Adam, now, however, forced it to be a thinking act. And after many futile efforts he at last, for a lightning flash of an instant, seemed to capture the state of mind again. He recognised it because of an equally swift, vague joy that followed. Joy, he called it, for want of a better name. It was not joy. But it was wildly sweet--no--not so--but perhaps sweetly wild. That emotion, then, was the secret of the idle hours--the secret of the doing nothing. If he could only grasp the secret of the nothing! Looked at with profound thought, this nothing resolved itself into exactly what it had seemed to his first vague, wandering thought--merely listening, watching, smelling, feeling the desert. That was all. But now the sense of it began to assume tremendous importance. Adam believed himself to be not only on the track of the secret of the desert's influence, but also of life itself.
   Adam realised that during those lonely hours he was one instant a primitive man and the next a thinking, or civilised, man. The thinking man he understood; all difficulty of the problem lay hid in this other side of him. He could watch, he could feel without thinking. That seemed to be the state of the mind of an animal. Only it was a higher state--a state of intense feeling, waiting, watching suspension! Adam divined that it was the mental state of the undeveloped savage, and that it brought fleeting moments of strange emotion.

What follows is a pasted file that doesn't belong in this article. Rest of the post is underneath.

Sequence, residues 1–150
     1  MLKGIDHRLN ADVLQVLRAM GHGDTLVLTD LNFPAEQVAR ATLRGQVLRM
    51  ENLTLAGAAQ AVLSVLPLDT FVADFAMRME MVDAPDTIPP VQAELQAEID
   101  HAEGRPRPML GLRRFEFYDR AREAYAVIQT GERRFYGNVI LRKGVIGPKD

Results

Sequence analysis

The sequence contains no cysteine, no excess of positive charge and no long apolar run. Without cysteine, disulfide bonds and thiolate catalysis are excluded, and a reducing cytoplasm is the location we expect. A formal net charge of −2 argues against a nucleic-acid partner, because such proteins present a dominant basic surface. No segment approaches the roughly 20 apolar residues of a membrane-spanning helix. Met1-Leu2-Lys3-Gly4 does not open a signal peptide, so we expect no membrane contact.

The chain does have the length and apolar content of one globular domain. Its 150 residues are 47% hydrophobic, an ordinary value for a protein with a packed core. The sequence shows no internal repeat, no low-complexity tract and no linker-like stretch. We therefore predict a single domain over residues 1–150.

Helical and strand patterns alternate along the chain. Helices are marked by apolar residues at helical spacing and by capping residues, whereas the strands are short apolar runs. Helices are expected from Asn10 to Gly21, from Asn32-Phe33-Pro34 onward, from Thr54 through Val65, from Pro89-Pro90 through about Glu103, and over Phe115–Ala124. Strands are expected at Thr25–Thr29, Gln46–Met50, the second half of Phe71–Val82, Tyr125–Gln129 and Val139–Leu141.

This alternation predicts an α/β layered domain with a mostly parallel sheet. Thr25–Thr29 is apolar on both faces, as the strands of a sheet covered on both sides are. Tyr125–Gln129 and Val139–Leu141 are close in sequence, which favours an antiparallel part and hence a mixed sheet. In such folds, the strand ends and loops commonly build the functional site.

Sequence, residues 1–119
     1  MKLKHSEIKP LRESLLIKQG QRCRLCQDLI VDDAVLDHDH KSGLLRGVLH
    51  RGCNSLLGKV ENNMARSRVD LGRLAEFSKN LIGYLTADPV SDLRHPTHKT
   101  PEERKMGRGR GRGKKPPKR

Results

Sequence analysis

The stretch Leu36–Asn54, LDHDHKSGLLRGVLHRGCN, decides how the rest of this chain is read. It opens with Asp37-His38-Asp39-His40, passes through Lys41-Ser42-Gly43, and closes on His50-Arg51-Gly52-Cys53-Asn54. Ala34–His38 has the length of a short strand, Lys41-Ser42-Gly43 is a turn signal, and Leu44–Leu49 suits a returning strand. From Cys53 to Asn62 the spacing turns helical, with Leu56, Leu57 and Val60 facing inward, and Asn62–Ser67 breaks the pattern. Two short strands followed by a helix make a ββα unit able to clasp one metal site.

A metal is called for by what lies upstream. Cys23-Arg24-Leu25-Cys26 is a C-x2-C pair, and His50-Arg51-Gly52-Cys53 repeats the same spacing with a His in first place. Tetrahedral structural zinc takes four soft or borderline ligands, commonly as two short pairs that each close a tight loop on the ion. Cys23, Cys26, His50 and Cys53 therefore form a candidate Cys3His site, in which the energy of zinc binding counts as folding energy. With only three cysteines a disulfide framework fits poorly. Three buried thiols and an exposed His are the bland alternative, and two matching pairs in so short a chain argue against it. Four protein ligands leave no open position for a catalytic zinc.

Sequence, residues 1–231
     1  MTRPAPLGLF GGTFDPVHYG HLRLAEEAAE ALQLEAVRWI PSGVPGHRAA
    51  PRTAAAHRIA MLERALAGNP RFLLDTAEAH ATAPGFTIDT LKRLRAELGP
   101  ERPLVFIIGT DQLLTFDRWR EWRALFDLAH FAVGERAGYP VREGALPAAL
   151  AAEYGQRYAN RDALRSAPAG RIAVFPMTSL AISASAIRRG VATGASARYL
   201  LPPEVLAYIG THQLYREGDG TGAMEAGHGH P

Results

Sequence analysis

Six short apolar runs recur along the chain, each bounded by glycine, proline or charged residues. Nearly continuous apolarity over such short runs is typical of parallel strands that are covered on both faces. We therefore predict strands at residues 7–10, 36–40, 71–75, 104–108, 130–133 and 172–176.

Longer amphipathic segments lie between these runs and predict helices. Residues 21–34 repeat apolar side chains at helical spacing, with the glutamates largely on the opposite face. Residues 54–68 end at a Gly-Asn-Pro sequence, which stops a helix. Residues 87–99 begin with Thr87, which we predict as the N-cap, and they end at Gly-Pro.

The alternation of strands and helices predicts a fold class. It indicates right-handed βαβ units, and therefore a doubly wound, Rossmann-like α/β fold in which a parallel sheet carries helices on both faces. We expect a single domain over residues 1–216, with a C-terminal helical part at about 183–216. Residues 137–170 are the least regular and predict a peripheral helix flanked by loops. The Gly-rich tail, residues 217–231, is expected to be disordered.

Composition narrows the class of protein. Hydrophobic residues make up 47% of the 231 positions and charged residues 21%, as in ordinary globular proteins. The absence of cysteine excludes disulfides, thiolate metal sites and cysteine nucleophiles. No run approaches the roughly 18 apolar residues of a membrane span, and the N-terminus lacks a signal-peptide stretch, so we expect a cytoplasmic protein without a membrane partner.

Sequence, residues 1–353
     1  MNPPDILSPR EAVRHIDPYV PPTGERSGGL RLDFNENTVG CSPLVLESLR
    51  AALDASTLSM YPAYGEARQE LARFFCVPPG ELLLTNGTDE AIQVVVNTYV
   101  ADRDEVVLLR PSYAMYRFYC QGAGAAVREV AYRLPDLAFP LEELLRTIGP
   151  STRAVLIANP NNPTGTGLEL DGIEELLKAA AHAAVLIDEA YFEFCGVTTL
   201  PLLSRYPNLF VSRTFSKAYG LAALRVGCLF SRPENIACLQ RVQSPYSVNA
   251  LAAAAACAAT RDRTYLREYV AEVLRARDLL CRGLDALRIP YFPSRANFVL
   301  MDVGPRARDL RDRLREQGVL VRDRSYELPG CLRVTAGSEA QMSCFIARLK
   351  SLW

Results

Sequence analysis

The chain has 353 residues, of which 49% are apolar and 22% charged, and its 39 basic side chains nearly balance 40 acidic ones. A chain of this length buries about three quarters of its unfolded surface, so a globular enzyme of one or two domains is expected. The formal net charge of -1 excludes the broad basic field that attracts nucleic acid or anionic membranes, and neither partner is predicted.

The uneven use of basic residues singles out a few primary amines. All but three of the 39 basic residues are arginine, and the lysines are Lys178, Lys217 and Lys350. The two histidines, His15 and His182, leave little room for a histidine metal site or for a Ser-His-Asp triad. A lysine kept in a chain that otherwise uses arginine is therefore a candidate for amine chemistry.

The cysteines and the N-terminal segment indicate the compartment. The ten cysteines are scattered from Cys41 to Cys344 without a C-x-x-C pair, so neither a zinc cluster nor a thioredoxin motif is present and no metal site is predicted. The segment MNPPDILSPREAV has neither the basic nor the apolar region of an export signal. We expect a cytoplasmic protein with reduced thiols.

Beyond all comprehension was the marvel of inscrutable nature. Somehow it had developed man. But the instincts of the ages were born with him when he was born. In blood, bone, tissue, heart, and brain! Wonder beyond that was the wonder that man had ever become civilised at all! Some infinite spirit was behind this.